One thing we could learn from the most recent impeachment trial is that America is more divided than ever. We have come to accept that votes on a variety of issues will simply fall along party lines. We wonder if people really focus on the individual positions or policies. Every topic seems to be polarizing. Facebook has become a platform to advocate or denounce hot-topic ideas. And everyone seems to be an expert on the contentious topic-of-the-day.
If we look to the world, we can feel hopeless about how to find ways to move forward when we disagree. But what if God had a different idea in mind for how we work together to come to address difficult and even divisive issues? What if God designed the church as a place of inclusion? What if His goal is that we do not exclude those who don't think just like us but find ways to pursue unity instead?
It starts with understanding that unity and uniformity are not the same. D.A. Carson says it well:
“[The Church] is made up of natural enemies. What binds us together is not common education, common race, common income levels, common politics, common nationality, common accents, common jobs, or anything else of that sort. Christians come together… because they have all been saved by Jesus Christ… They are a band of natural enemies who love one another for Jesus' sake.”
Carson's point is that Christians are unified by the most important identifying factor: Jesus is our King. We are His people. Beyond political affiliation and country of residence, we give our allegiance to King Jesus and recognize that we are citizens of His kingdom above all. No matter where we come from and what social, political, or other differences may divide us–we find unity in the body of Christ.
So, how do we promote unity without mandating uniformity?
It may seem like an unsolvable conundrum, but it's not. Being a “body” of believers united in the core truths of the gospel gives us enough to have in common while having enough margin for diverse views and personalities. Promoting unity starts with appreciating the differences represented in the body. Notice how the word “body” keeps coming up. The Bible uses this metaphor of the people of God being God's body to help us grow in unity.
“After all, no one ever hated their own body, but they feed and care for their body, just as Christ does the church— for we are members of his body.” Ephesians 5:29-30.
Elsewhere, the Apostle Paul describes how this body all has unique parts and functions, but works together collaboratively to function as a united whole.
“Just as a body, though one, has many parts, but all its many parts form one body, so it is with Christ. . . . God has put the body together . . . so that there should be no division in the body, but that its parts should have equal concern for each other.” 1 Corinthians 12:12-31.
Read the passage in its entirety as Paul explains that a body houses diverse parts to serve a single purpose.
Embracing unity does not mean uniformity. Uniformity is about making diverse things identical. Unifying the body is about appreciating how all the different parts work together to serve a singular function.
The strength of the body is that we each have different functions. We each bring something different to the table. We do not all need to be the same to form a whole. We simply need to learn how to bring our unique talents and gifts together to accomplish something greater than ourselves. This “body” metaphor helps us understand that collaboration does not mean we have to have a perfect consensus to move forward. It also doesn't mean we have to reduce our strengths or seek to be well-rounded individuals who are all equally competent. We need to develop well-rounded teams, not necessarily well-rounded individuals. Since we are all “one” in Christ, collaboration is essential for our vitality.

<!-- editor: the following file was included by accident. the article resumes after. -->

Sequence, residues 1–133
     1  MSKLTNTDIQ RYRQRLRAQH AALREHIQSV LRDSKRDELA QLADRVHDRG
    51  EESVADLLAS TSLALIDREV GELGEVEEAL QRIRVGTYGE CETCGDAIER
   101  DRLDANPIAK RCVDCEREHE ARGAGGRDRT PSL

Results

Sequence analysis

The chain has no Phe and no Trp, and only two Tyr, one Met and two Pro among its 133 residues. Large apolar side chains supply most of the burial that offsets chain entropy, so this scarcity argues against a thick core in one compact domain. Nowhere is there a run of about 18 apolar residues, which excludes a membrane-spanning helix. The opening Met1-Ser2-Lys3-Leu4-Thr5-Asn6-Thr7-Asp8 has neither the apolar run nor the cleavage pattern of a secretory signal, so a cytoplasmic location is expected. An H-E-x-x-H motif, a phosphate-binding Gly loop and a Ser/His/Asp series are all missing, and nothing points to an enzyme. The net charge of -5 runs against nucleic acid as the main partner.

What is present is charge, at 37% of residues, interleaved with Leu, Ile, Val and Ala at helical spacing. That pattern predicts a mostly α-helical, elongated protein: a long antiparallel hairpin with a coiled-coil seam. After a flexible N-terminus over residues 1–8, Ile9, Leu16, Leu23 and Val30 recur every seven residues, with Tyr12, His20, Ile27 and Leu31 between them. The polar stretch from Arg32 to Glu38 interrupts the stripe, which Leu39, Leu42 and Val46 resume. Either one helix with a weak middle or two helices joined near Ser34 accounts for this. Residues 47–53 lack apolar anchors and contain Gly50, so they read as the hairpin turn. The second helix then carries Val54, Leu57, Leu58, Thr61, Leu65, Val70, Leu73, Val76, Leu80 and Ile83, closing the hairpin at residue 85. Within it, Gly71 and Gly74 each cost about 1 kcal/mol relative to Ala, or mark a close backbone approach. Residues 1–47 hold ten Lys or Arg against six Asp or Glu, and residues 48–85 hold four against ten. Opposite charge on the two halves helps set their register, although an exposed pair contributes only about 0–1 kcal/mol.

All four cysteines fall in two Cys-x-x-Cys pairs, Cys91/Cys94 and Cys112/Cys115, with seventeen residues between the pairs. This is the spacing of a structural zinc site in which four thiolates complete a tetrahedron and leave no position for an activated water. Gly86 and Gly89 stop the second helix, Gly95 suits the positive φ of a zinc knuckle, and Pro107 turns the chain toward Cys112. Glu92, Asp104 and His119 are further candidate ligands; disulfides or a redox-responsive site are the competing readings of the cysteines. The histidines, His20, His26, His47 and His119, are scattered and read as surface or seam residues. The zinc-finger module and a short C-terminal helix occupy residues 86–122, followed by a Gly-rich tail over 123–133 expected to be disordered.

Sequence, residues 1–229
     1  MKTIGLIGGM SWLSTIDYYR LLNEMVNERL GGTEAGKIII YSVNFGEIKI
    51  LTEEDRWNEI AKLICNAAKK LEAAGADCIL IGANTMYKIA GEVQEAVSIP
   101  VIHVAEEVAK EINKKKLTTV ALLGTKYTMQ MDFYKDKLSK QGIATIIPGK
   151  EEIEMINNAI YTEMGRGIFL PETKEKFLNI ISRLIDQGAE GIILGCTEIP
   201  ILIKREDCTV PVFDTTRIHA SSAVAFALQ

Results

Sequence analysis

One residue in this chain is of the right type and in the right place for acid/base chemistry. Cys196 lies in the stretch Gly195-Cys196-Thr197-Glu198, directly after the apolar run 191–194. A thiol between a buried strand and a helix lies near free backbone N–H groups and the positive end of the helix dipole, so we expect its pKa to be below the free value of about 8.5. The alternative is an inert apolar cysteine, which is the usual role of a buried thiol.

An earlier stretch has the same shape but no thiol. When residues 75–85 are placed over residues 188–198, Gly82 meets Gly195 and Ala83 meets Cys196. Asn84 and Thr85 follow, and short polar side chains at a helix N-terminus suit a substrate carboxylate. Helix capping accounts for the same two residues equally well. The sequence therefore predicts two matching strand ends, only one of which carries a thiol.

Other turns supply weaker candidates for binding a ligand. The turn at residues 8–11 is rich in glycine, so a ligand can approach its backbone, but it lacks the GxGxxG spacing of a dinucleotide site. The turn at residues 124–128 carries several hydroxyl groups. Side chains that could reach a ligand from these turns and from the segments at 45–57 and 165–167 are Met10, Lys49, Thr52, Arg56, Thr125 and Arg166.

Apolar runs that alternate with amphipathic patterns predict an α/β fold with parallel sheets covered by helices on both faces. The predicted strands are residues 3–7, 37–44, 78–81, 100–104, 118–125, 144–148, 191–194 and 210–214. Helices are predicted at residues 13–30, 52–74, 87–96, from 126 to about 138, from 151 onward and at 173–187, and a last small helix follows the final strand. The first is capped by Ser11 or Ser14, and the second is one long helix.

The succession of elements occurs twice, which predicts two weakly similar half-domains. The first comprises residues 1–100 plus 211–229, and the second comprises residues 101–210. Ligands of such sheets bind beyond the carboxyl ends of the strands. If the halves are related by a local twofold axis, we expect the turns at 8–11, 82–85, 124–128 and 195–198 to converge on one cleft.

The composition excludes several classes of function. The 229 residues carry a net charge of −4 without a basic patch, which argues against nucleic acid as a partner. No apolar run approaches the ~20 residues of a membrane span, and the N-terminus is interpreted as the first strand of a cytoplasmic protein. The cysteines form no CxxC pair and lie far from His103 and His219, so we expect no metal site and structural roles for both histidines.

We also have to strive to overcome labels and stigmas that are meant to be divisive if we want to see unity exist. In Paul's day the Jew/Gentile, slave/free, male/female divides were prominent in culture! It was not something easy to depart from. Yet, the Church was to model a new way to be a society of people where the standard barriers that prevented people from coming together no longer held up. Paul's words in Galatians 3 were something revolutionary at the time:
“So in Christ Jesus you are all children of God through faith… There is neither Jew nor Gentile, neither slave nor free, nor is there male and female, for you are all one in Christ Jesus.” Galatians 3:26, 28
How can Paul say they are “one” immediately after listing polar differences? Because what makes unites us is greater than that which divides us. The social, economic, ethnic, and political factors that separated people in Paul's day are quite similar to our own. They are not the same issues, and yet the same type of divisiveness tries to creep its way in.
Living as a unified people does not mean ignoring our differences. It means acknowledging them and then affirming that what holds us in common is even more important.
And this is where the Church can lead the charge for the rest of the culture. Think about your own unique talents and gifts you bring in to all your team environments: your family, your workplace, your ministry teams. What is your contribution? How can you develop your individual skills to promote unity in your various communities? Consider this week how you can combat division by unifying around a common goal. Let's show how a band of diverse people can perform incredible feats in bettering the world by choosing to collaborate!